In the United Arab Emirates, gated communities have exploded in popularity, particularly in Dubai, where the 2002 decision to allow foreigners to own freehold properties has resulted in the construction of numerous such communities built along various themes. Examples include The Lakes, Springs, Meadows, and Arabian Ranches.
In the United Kingdom, gated communities are relatively rare. In 2004 there were an estimated 1,000 such communities in England (i.e. not including Scotland, Wales and Northern Ireland). As of 2002, the majority of these communities were found to be in the South East and most were small developments; only four local authorities had one or more gated communities with over 300 dwellings. They generally consisted of a gated street of up to 60 or 100 houses, or a single block of flats.
The bulk of gated communities in the United Kingdom have been constructed by private developers, with smaller proportions built by social landlords and through public-private partnerships. Research has found that they typically exist within surrounding areas that are also highly affluent, if not necessarily gated. It has been noted that as far as buyer motivation is concerned, issues of security, exclusivity and prestige were often subsumed by a desire to obtain property that would maintain its value. Although the appeal of these communities is said to be mainly be to "young affluent singles" and older couples, this varies significantly according to location and the availability of accommodation types. Unlike in America, marketing materials rarely refer to any community aspect of living in a gated development.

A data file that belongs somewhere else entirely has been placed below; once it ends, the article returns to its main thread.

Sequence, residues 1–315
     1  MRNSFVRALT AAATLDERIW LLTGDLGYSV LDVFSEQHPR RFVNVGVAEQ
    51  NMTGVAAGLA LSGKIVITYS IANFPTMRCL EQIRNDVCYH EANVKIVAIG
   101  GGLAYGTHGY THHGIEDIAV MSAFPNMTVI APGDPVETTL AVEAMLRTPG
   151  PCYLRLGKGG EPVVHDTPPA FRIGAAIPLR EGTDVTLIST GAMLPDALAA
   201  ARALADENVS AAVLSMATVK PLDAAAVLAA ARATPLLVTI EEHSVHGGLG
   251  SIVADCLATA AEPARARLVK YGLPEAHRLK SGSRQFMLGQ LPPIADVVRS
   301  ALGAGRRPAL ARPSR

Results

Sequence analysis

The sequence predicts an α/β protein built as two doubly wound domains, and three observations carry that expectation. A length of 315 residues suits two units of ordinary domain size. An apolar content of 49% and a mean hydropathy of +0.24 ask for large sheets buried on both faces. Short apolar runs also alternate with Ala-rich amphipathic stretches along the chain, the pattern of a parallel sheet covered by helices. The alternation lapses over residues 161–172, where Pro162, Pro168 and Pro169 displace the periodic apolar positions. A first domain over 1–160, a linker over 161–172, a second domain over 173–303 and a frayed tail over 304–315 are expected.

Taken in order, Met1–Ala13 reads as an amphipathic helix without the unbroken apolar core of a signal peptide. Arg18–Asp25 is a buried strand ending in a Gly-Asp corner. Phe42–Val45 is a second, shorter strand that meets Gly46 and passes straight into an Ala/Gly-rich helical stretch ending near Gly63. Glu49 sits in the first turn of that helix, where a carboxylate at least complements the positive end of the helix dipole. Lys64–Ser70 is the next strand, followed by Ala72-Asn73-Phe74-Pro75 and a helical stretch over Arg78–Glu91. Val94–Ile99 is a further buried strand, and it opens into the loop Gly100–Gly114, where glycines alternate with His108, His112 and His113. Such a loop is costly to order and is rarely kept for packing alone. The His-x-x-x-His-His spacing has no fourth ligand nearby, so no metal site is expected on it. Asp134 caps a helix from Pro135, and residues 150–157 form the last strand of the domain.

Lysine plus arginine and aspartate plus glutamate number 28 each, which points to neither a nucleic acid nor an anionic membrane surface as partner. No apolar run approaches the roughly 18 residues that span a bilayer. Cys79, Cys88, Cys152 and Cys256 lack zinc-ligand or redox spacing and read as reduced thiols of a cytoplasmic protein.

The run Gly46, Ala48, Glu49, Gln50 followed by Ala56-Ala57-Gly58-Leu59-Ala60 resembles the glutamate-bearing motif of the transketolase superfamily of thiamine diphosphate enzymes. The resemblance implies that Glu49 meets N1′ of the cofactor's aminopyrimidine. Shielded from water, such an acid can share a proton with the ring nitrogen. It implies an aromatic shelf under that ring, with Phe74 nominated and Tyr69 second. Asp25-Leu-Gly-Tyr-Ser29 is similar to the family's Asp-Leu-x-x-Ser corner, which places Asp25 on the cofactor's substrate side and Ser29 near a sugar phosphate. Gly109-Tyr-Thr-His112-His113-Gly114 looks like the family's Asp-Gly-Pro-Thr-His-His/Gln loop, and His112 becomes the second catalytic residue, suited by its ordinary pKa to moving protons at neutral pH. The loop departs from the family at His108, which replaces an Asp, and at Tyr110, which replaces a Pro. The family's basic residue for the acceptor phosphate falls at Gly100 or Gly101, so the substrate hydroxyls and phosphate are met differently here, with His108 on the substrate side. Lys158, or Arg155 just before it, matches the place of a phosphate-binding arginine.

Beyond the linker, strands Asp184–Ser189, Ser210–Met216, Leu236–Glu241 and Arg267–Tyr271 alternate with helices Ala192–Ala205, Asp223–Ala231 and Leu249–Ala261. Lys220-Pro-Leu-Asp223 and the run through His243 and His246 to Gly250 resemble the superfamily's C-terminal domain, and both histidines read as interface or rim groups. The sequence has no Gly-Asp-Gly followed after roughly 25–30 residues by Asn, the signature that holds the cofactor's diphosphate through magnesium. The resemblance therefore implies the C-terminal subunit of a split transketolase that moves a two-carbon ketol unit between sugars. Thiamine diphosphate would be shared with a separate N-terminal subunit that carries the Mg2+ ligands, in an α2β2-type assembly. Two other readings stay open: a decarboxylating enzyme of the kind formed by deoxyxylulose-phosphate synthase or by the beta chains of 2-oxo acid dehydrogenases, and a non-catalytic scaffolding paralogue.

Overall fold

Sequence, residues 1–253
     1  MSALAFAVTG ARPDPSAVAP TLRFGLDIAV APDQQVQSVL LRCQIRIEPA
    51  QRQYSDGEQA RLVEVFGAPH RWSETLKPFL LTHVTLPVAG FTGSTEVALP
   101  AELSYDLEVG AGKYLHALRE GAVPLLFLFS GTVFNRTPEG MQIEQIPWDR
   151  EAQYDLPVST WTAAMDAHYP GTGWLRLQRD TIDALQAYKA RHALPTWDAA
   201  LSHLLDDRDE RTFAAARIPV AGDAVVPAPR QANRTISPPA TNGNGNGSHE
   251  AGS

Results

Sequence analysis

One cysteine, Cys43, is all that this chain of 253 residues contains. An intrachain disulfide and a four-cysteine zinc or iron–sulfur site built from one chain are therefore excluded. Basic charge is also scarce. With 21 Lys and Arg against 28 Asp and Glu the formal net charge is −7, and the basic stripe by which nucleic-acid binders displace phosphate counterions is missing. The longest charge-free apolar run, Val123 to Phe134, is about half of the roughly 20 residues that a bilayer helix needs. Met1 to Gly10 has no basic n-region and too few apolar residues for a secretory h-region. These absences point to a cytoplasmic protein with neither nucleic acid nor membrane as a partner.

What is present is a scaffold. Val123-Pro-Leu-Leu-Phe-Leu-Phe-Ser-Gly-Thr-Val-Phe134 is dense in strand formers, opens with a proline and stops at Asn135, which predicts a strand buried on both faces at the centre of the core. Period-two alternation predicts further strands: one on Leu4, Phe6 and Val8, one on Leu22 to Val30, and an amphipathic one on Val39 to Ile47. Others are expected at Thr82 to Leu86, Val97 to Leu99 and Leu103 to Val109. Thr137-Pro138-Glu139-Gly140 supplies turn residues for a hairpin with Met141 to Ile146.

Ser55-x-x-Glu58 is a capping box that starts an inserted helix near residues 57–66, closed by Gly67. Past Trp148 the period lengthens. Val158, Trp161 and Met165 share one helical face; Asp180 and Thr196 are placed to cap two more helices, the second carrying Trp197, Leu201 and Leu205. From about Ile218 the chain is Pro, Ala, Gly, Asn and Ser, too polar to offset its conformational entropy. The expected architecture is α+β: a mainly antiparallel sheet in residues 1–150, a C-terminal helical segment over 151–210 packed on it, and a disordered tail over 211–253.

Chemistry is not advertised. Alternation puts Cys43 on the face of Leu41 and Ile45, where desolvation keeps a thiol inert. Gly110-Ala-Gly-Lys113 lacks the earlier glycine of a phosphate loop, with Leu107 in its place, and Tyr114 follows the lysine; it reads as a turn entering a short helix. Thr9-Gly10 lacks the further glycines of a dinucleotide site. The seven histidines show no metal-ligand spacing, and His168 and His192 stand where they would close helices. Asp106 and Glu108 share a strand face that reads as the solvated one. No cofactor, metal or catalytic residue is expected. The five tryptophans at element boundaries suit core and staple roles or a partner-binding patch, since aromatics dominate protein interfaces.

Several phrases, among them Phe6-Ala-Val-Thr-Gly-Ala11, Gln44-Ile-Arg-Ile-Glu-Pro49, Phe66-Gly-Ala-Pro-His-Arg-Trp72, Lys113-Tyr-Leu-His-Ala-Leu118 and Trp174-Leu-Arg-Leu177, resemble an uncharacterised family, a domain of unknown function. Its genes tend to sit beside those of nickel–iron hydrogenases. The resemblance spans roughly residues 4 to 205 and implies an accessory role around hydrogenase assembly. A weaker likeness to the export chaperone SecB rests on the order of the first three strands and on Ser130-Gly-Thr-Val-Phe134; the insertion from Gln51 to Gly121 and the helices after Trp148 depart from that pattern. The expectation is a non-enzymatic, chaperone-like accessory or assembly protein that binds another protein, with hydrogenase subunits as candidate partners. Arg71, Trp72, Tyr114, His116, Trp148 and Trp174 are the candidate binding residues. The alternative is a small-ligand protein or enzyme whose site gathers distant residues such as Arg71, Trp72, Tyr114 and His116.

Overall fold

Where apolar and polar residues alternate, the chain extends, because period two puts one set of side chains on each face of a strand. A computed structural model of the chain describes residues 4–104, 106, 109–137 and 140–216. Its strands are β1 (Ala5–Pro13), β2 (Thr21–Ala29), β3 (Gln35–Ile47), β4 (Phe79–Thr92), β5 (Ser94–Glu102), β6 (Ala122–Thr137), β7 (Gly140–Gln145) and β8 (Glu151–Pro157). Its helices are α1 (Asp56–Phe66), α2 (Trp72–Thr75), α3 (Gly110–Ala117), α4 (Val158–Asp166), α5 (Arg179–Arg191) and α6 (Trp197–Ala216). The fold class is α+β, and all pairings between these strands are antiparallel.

There is "considerable diversity in terms of the built form" of gated communities. In London, many new-build and converted spaces that have been turned into gated communities consist largely of flats and are therefore unlikely to be suitable for families. The redevelopment of these inner city sites for "secure, upscale, condominium-style housing in central London" was partly fuelled by a cultural shift among young professionals towards "loft-living" in the city centre. Examples from London include the Docklands developments of New Caledonian Wharf, Kings and Queen Wharf and Pan Peninsula, and East London locations like the Bow Quarter in Bow.